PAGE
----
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Those Hagen quick filter are 5 micron in size, the GW cells are 2-5 microns across depending on age.

These can be used to remove the GW, filtration, UV and copper have works along with Daphnia but fish will eat those.

The good news is that there are many methods to get rid of it and it does no harm to the plants.

Bad news is that you will not beat it by fertilization, Blackout generally don't work except in milder cases or with lower light and only if you do them for a long time.

CO2 addition also helps to grow green water, high light also.

It's induce by adding NH4, this can come from fert's like Jobes sticks etc or from fish waste if something increases the loading of NH4 or disrupts the NH4 from being assimilated into the plants or bacterial conversion to NO3.

Basically anything that backs up enough NH4 to cause the algae to bloom. Once they bloom they are going to be very tough to get rid of.
While it might look like a lot of algae, in terms od biomass, it's very small and they just don't need much to live on.

Adding some more biofilter can help if you have only a small biosection to prevent reoccurances. If you use a UV for a while, this can help it from ever coming back.

I've induced GW many times over the years using NH4/Jobe stick etc, but it's been impossible for me to get it to occur without too much fish/critter loading, NH4 etc.

You can add all the NO3 and PO4 you want, it's not going to induce the GW, only NH4 can do that, but once there, it'll hang on for dear life.

Regards,
Tom Barr
 

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Nick is not using my so called method, I suggest 50% weekly water changes to reduce any build up like PO4. He's doing 15%.
Few utilities will use more than 1ppm of PO4.
Low NO3 is bad.

Yep, I think I hate algae talk also but someone always ask why and it does tell me a fair amount about what nutrient issues are occuring. But it's off topic some here.

Nick, the trouble is not so muchy what you are doing now with gw, it's the fact you have it. Kill it and keep the tank in good shape.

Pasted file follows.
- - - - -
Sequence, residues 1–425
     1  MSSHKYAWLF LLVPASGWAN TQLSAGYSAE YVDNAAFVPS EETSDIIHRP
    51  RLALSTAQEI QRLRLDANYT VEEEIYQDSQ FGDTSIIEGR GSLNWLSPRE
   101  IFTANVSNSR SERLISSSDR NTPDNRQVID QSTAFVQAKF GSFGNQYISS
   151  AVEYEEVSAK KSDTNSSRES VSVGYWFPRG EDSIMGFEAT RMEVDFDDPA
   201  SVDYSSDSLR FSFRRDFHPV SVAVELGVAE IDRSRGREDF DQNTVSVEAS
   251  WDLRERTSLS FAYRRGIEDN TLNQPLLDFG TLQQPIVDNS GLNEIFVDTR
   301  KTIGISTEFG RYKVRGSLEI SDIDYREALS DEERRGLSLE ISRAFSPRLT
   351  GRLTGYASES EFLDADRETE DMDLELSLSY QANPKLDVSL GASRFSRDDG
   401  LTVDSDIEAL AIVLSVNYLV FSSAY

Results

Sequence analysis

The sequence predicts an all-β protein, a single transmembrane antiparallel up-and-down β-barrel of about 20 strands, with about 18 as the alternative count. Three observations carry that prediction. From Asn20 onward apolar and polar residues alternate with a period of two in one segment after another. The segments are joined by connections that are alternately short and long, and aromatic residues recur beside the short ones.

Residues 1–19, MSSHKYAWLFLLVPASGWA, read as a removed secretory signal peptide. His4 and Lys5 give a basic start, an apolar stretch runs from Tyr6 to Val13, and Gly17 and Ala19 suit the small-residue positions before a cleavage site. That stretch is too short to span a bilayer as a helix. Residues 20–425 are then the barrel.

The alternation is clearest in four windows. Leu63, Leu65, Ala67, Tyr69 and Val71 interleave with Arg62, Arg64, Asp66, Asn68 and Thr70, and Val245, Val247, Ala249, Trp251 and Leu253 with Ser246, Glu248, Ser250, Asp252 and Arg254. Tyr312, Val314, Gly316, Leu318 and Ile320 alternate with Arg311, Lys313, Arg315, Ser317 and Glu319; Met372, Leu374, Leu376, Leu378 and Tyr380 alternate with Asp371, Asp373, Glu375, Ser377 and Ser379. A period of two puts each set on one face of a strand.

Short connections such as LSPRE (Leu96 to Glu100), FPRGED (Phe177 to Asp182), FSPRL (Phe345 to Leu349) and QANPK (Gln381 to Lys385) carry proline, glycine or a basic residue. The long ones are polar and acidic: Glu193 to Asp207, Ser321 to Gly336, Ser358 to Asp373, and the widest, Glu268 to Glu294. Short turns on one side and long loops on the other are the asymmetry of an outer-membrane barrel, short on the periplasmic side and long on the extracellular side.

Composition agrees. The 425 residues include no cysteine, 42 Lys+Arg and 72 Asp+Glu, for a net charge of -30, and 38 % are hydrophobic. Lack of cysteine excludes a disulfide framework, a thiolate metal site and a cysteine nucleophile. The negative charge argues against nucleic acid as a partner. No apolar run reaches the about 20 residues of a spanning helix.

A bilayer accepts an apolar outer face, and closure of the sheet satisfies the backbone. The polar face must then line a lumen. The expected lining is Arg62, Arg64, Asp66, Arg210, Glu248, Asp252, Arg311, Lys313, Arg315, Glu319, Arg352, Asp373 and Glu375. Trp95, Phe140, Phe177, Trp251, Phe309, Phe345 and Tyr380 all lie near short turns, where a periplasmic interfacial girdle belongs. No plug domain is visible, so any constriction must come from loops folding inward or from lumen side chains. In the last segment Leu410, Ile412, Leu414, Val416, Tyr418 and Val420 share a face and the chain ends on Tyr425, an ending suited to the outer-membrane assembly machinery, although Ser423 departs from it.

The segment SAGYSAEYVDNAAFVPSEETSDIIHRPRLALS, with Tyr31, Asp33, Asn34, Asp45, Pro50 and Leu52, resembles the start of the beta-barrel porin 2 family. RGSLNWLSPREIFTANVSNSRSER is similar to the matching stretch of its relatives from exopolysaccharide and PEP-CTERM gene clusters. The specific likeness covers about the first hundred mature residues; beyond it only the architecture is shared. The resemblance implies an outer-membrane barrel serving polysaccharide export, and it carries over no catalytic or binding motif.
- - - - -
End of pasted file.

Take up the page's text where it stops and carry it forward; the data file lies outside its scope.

Easy to control level by doing large weekly water changes, very simple.
The water changes prevent anything from building up, the regular dosing keeps every thing well fed. You can try reducing the water changes etc later or other changes after you get comfortable.

Most folks that have been doing plants for many years will tell you, 2 w/gal is fine for most any plant I've ever grown. More light is not better and with folks buying PC lighting, this creates a huge problem for most.

For this 29 gal tank, I'd add

1/4 teaspoon of KNO3 3x a week
A few drops of Fleet enema 3x a week
5mls of TMG 3x a week
50-60% water change weekly
Really watch the heck out of the CO2, make sure it's 20-30ppm the entire the time the lights are ON and make sure the levels don't dip below that later in ther week after the brew is slowing down more.
I changed my brew weekly when I did the DIY. It's a PITA.
I also designed a few CO2 diffusers to help equilibrate the CO2 levels which helped immensely.

CO2 is going to cause a lot of issues for you then NO3.
The above routine will get you through all this but you need to understand why you are doing this and I'll defer you to Jeff on that one.

Regards,
Tom Barr
 
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